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The 1979 Islamic Revolution, followed in short order by the Iran-Iraq War, devastated the Iranian economy. When faced with both popular complaints about the dire economic situation and the warnings of his aides, revolutionary leader Ayatollah Ruhollah Khomeini would often wave them off with the quip that “We didn’t have a revolution over the price of a watermelon.” As the revolution has aged, however, Iranian officials have grown increasingly wary of economic hardship. After all, many Iranians have grown cynical about the economic fortunes of those with political connections, which ordinary Iranians juxtapose with their own deprivation.
Nowhere might these tensions be more acute than in Khuzistan, the oil-rich province bordering Iraq at the tip of the Persian Gulf. While Khuzistan should be Iran’s richest province, it remains devastated a quarter century after the end of the Iran-Iraq War, a conflict which saw the destruction of its major cities and towns. Residents of Ahvaz, Khorramshahr, Abadan, and Dizful must regularly travel to Tehran, several hundred miles away, for medical care because the government has rebuilt mosques destroyed by the war, but has yet to invest in enough hospitals and medical clinics.
Seyyed Ja’ far Hejazi’s warning to clergy, as reflected in the italicized excerpt below, may interest analysts for several reasons. First and foremost, it provides an illustration of the manner in which the Iranian government uses mosques and Friday prayer leaders in order to transmit messages to the public. While some reporters amplify their interactions with more cosmopolitan and educated Iranians in Tehran into broad assumptions about decreasing religiosity within Iran, and while participants in people-to-people dialogue—often called Track II —likewise interact with an elite but narrow segment of Iranian society, ordinary Iranians in their country’s periphery and in more rural areas still may depend on the mosque rather than the state media for their information.
At the same time, Hejazi’s speech suggests that sanctions are beginning to bite. The decline in value of the rial to record lows relative to the dollar—and to the currencies of Iraq and Gulf Cooperation Council states, which are effectively pegged to the dollar—might have the greatest impact on border provinces, in which residents are more likely to engage in casual cross-border trade.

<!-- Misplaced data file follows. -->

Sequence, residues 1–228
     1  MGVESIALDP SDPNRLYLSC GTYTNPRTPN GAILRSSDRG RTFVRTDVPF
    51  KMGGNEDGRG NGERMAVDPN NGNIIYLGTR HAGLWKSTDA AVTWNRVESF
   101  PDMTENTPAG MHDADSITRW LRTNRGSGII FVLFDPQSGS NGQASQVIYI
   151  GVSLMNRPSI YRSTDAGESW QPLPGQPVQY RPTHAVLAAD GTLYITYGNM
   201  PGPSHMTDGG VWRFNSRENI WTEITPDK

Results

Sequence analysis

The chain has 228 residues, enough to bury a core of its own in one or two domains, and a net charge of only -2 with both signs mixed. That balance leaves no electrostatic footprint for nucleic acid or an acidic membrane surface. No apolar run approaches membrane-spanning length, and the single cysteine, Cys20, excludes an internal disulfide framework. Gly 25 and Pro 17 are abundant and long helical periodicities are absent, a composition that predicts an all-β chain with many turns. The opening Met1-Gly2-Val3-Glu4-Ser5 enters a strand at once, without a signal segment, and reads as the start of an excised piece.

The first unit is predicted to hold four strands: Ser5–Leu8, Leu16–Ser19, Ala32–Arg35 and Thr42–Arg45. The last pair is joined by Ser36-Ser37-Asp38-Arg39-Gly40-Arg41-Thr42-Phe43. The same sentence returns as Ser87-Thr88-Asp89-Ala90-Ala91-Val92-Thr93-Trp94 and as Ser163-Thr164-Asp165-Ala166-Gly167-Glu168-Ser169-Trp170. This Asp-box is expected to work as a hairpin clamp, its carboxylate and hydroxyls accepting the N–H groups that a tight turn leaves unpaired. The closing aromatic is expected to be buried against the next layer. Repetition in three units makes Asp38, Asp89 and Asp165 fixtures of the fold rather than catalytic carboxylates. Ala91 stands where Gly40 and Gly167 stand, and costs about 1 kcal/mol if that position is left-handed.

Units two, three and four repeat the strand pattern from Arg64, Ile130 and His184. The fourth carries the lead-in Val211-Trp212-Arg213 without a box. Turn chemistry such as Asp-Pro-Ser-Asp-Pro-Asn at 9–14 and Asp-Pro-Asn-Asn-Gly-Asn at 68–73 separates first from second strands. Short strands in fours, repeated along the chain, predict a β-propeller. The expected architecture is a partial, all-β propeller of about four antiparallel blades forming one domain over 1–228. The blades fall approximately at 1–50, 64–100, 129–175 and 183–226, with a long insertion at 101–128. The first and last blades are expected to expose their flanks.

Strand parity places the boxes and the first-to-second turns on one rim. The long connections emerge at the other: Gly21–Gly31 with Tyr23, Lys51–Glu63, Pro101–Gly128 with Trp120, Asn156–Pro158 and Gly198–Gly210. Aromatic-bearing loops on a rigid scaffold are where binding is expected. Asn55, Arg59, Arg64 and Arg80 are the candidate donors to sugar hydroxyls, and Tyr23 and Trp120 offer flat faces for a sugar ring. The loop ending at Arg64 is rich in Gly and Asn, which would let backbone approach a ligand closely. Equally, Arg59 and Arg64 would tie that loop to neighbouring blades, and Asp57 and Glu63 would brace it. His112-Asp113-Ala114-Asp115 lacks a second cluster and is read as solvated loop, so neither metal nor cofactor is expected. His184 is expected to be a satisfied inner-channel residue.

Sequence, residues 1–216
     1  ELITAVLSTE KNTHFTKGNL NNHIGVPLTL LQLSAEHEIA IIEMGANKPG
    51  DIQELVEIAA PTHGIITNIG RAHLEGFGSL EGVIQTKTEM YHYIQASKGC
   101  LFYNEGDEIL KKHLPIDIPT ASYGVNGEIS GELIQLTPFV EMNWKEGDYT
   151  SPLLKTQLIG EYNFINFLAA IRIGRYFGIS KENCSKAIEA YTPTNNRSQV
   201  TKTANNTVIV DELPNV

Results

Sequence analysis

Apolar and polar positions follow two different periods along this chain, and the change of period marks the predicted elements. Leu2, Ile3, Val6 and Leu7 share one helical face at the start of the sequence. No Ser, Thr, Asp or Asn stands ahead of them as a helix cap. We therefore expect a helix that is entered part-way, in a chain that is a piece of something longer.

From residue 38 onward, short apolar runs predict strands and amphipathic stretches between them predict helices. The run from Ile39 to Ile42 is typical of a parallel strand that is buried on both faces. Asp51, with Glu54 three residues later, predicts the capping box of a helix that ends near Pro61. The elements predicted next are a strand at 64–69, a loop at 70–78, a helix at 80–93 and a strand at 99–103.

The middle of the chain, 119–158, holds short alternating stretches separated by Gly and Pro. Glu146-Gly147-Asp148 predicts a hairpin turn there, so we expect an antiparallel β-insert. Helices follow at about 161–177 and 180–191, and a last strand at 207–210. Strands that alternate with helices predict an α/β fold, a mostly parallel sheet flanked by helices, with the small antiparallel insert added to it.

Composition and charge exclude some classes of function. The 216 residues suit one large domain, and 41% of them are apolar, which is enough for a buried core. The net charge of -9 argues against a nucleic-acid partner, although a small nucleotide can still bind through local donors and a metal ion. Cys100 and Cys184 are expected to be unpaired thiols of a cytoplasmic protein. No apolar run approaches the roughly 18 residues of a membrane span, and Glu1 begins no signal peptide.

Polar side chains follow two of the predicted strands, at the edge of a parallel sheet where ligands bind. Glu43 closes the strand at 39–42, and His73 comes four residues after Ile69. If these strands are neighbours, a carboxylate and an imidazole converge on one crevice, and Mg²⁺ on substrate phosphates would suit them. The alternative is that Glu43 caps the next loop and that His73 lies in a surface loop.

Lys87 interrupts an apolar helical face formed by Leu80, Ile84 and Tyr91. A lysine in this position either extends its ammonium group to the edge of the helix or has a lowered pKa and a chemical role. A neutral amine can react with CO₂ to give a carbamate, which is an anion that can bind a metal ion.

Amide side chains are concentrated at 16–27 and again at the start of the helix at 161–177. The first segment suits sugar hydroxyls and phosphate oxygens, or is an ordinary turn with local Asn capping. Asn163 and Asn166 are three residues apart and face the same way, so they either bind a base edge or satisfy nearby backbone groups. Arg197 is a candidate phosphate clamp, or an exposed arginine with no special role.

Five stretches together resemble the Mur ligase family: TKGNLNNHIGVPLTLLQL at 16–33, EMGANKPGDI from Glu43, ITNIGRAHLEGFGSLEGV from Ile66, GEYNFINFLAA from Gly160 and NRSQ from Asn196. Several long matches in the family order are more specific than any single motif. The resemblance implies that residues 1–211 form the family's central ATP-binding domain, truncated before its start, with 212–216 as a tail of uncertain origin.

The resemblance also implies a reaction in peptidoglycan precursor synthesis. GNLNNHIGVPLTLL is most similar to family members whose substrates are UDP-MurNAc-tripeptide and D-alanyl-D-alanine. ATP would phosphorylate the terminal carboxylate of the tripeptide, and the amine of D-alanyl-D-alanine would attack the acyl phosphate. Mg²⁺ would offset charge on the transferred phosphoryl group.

Disenchantment with Iran’s economic situation might further be compounded by juxtaposition with events across the border. While Iraqi statistics, as with their Iranian equivalents, must be taken with a grain of salt, anecdotal evidence suggests that southern Iraq is booming as Persian Gulf investment transforms Basra, Najaf, and other southern Iraqi cities. If sanctions force a further diminishing of living standards in Iran while southern Iraq rebounds, many Iranians might start blaming their own government, questioning why southern Iraq can recover from a devastating war in a matter of years, while Khuzistan remains stagnant 25 years after the end of Iran’s last war.
Ahvaz—The Governor-General of Khuzistan said, “Clerics and imams should prepare people for the tough sanctions imposed by the Arrogance toward the nation and government of Iran.” According to a report from the Mehr News Agency, Seyyed Ja’far Hejazi on Saturday evening [January 26] told a conference of clergy and mosque imams in the city of Ahvaz sponsored by the Islamic Propagation Organization that… the reception of the people of Khuzistan has been unparalleled, and that some of them had walked dozens of kilometers to attend… And the Governor-General of Khuzistan said that, in reference to the sanctions that the enemies of the Islamic Republic and Iranian nation have inflicted, that the severity of the sanctions will be most high. The aim of our enemies in the coming weeks will be to cut completely import and export of basic goods for our country. However, without any doubt, that having endured eight years of the unjust [Iran-Iraq] war, our nation cannot be defeated by such adventures…
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